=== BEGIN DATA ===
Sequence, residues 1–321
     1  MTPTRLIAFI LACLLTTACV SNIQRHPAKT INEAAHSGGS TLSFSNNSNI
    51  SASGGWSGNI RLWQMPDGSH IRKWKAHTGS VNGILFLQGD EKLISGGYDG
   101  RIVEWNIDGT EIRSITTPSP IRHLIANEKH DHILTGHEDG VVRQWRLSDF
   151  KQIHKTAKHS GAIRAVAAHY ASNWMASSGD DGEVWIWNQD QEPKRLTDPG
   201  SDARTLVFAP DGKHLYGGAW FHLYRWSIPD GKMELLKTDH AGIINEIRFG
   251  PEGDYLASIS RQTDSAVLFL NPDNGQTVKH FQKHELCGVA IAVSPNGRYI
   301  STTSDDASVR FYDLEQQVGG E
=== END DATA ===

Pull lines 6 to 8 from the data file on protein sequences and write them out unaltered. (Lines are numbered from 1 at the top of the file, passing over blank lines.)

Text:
   201  SDARTLVFAP DGKHLYGGAW FHLYRWSIPD GKMELLKTDH AGIINEIRFG
   251  PEGDYLASIS RQTDSAVLFL NPDNGQTVKH FQKHELCGVA IAVSPNGRYI
   301  STTSDDASVR FYDLEQQVGG E